Arne Jacobsen was born and raised in Copenhagen. In 1927, he graduated as an architect from the Royal Danish Academy of Fine Arts in Copenhagen. After graduating, he obtained his first job at the office of the City Architect of Copenhagen launching his own office only two years later.
Arne Jacobsen is a world famous Danish modernistic architect. His buildings are numerous in Denmark, Germany, and the United Kingdom. Among his more famous projects are the National Bank in Copenhagen (1971), SAS Royal Hotel & Terminal, Copenhagen (1960), and St. Catherine’s College in Oxford, UK (1963).
As an architect, Jacobsen had very strong decision making skills, making it possible for him to influence not only the design of the building itself, but the majority of its details. Over the years, he ventured into various fields related to his work such as luminaires, furniture, cutlery, door handles, sanitary fixtures, fabrics and wallpaper patterns. "The Egg" and "The Swan" are two famous chairs designed by Jacobsen.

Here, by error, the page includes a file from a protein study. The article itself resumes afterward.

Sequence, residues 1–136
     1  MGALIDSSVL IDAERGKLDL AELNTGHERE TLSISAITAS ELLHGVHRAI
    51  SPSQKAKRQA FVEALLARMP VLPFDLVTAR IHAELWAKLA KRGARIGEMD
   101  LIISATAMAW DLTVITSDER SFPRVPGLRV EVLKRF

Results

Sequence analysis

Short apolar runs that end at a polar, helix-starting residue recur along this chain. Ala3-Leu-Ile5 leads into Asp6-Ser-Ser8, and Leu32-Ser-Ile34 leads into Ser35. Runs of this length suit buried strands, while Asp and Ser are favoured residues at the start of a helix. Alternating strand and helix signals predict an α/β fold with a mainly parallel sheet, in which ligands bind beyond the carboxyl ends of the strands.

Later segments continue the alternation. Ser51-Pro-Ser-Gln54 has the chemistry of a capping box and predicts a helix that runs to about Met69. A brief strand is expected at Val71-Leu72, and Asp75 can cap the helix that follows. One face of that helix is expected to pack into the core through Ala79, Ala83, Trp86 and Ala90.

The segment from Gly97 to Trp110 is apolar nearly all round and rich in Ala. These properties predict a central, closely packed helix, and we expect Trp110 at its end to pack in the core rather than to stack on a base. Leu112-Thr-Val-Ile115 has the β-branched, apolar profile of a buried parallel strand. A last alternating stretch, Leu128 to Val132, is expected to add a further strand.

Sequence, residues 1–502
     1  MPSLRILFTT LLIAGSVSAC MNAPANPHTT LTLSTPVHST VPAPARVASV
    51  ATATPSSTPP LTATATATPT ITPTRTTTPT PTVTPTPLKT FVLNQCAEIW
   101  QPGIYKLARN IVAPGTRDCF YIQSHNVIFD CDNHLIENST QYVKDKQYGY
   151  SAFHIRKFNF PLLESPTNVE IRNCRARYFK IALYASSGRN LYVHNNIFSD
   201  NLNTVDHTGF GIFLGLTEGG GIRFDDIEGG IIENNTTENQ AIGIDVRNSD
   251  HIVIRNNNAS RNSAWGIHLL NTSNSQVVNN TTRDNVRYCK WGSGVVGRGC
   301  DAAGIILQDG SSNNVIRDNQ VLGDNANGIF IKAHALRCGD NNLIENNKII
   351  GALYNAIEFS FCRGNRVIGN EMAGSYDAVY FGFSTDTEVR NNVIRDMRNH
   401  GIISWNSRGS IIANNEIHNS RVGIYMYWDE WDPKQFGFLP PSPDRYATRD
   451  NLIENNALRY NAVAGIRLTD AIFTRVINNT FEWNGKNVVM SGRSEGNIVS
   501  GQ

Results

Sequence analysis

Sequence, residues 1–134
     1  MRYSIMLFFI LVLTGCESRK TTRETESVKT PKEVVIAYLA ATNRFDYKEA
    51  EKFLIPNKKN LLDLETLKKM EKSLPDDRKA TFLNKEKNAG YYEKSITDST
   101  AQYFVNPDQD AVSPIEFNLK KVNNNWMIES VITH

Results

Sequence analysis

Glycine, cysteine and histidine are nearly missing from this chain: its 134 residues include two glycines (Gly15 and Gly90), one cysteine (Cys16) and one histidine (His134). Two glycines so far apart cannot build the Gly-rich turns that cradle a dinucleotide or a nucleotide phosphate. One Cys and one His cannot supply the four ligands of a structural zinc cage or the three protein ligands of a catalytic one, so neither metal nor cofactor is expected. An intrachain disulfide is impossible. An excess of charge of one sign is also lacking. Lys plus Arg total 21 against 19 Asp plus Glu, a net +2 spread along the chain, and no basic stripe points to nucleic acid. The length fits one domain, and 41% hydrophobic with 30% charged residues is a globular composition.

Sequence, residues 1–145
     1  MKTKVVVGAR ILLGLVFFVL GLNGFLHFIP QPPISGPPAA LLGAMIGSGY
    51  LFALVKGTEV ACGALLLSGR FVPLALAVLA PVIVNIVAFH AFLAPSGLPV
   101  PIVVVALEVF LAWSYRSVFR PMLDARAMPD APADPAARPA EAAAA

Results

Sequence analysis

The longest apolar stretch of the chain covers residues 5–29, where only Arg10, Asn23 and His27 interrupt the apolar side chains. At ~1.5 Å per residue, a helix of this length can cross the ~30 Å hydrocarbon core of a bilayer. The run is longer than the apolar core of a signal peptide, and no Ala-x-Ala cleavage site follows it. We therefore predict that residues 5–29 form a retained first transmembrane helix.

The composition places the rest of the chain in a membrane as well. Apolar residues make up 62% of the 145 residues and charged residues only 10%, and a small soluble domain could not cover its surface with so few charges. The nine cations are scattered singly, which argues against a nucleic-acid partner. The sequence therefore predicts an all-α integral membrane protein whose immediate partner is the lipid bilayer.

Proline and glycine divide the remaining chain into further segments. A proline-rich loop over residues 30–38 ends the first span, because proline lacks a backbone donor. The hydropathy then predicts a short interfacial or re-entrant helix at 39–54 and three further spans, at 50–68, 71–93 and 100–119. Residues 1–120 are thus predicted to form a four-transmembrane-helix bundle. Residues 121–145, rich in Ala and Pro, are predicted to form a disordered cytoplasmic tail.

During Arne Jacobsen’s lifetime, he received several prestigious awards both at home and abroad. As a professor at the Royal Danish Academy, he influenced an entire generation of Danish Architects during his eleven year tenure with the school. Each student eventually developed his or her own architectural language, and built upon the same rationalistic and minimalist approach toward architecture.